Treating Chronic Pain: Top 5 Foam Rolling and Self-Massage Basics

According to a recent study, doctors are over treating chronic back pain. Most people over 30 have it. And it can really put a damper on life. Enter: the foam roller. It will change your life. I use it on myself and all of my clients. Some have a love-hate relationship with the foam roller. And others, well, let’s just say, it’s their new boyfriend (as you will see in later posts, we get reallyclose to our rollers). It’s great not only for back pain, but neck, shoulder, knee and foot pain.

Foam rolling (along with various types of body rolling tools) are key for keeping chronic pain at bay. Pictured above are various tools I use. At top the 6″x36″ foam roller, a 9″ Yamuna body rolling ball and MELT Method hand and foot treatment balls. So for the sake of simplicity, I’ll use the term foam roller, but it could be applied to the other tools as well. Tennis/lacrosse balls are another great tool.

Here’s what the foam roller does:
It rehydrates and brings back flexibility to the fascia and myofascia. Myo-what?

The layer of connective tissue under the skin is the fascia. It has 10 times more pain receptors than muscle. So when you think you have tight muscles and pulled “something”, it’s probably the fascia. Typically it’s those “knots” you feel in your neck, back, calves or wherever you hold stress. Or you know when you can’t turn your head to back up the car and you just don’t know what you did to pull a muscle, yeah, it’s the fascia. The fascia encases everything in your body, including muscles, organs, tendons, etc. And this is typically where chronic pain is lingering. The foam roller can also target deeper layers of our tissue and get into the myofascia, which is our muscle. Once we warm up the fascia, we can dig a little deeper into the muscle.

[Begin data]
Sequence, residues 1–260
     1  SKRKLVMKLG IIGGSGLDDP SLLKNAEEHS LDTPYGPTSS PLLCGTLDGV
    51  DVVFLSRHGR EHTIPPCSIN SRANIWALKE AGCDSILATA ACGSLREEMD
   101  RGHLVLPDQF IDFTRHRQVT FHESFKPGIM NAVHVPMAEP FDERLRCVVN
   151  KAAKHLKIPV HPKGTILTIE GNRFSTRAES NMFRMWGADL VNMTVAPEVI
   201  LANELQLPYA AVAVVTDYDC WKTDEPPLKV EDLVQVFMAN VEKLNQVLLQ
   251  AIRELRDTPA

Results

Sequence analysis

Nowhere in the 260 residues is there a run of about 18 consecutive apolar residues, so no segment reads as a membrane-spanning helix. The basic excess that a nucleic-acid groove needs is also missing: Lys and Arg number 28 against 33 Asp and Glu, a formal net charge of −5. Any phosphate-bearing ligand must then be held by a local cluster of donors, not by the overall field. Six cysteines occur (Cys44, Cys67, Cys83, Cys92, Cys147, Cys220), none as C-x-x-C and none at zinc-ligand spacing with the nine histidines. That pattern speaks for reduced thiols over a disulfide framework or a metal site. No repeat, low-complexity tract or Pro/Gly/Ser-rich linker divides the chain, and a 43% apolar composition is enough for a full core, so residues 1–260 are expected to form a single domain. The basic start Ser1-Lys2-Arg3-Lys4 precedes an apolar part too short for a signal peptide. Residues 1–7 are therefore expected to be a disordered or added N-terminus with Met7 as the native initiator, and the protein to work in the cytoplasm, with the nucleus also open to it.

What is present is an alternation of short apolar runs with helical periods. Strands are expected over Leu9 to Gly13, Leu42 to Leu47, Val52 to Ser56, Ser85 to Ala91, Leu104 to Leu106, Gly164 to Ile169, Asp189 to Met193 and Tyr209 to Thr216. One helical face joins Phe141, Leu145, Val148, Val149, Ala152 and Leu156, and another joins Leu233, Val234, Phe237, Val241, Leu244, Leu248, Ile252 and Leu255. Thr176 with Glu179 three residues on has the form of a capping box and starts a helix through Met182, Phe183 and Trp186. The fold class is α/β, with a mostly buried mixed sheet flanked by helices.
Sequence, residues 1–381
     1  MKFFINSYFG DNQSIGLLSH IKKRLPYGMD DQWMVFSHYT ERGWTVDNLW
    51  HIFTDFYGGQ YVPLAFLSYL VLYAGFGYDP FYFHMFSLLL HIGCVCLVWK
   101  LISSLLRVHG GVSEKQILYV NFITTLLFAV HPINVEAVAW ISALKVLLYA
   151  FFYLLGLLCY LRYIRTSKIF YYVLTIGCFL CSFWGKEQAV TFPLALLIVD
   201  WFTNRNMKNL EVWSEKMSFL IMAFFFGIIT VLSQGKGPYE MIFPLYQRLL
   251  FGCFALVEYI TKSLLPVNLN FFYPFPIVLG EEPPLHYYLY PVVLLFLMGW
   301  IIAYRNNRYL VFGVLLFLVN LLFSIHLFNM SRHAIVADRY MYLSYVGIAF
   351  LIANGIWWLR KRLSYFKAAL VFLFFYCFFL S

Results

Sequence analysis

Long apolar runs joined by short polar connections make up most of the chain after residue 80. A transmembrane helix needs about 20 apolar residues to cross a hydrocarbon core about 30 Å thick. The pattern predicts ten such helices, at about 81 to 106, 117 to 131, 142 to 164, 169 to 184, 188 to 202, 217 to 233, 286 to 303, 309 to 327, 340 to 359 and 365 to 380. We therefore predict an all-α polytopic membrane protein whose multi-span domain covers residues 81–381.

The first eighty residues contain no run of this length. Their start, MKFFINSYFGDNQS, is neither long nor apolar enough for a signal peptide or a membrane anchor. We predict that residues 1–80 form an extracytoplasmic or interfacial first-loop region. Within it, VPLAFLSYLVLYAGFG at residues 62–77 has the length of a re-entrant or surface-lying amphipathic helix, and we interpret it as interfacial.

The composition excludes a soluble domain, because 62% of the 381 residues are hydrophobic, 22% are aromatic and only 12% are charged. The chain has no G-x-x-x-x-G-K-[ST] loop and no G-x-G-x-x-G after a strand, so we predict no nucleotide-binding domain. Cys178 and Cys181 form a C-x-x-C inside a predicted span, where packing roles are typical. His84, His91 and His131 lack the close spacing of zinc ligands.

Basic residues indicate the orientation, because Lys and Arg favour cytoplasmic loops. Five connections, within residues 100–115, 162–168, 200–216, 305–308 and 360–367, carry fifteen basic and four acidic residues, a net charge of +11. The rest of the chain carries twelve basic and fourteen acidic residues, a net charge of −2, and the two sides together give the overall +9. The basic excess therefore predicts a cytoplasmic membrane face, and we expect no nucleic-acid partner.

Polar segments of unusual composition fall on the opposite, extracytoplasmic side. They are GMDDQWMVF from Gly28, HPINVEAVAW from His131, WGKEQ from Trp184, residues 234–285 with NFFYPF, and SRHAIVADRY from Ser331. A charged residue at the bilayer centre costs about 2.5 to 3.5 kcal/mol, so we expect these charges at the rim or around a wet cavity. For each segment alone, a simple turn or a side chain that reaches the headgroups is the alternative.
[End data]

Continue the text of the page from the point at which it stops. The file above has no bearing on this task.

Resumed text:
Do you know what happens when we overuse (logging miles and miles on the treadmill) or not use our bodies enough (the couch potato watching marathons of Breaking Bad)? The connective tissue and muscles start to stick together. Foam rolling helps break that up to keep everything moving along while keeping the tissues hydrated. Sitting, hunching, running, cycling…all these things are repetitive and start to accumulate over a lifetime and using the foam roller helps reverse over- or under-use of our bodies.

Top 5 foam rolling basics:
1. Softer is better. Start with a soft foam roller to target the fascia and warm-up the body. Roll up your foam roller in a yoga or pilates mat or towel, unless you have a MELT roller.
2. Less is more. Start with 10 minutes a day. Too much too soon can cause adverse reactions.
3. Roll in multiple directions, front to back, side to side, circles, indirectly.
4. Do not roll joints or “spaces” of the body such as under the neck, lower back, back of knees or ankles. Leave that to a professional masseuse.
5. No pain, no gain does not apply. Again, less is more when it comes to pain. Back off if it’s too painful. Rolling shouldn’t hurt. It should feel good.

If you have had recent surgery or a medical procedure, consult with your doctor before rolling.

Amy Mastrogiuseppe
Certified Personal Trainer, Yoga, Kettlebell & Krankcycle Instructor

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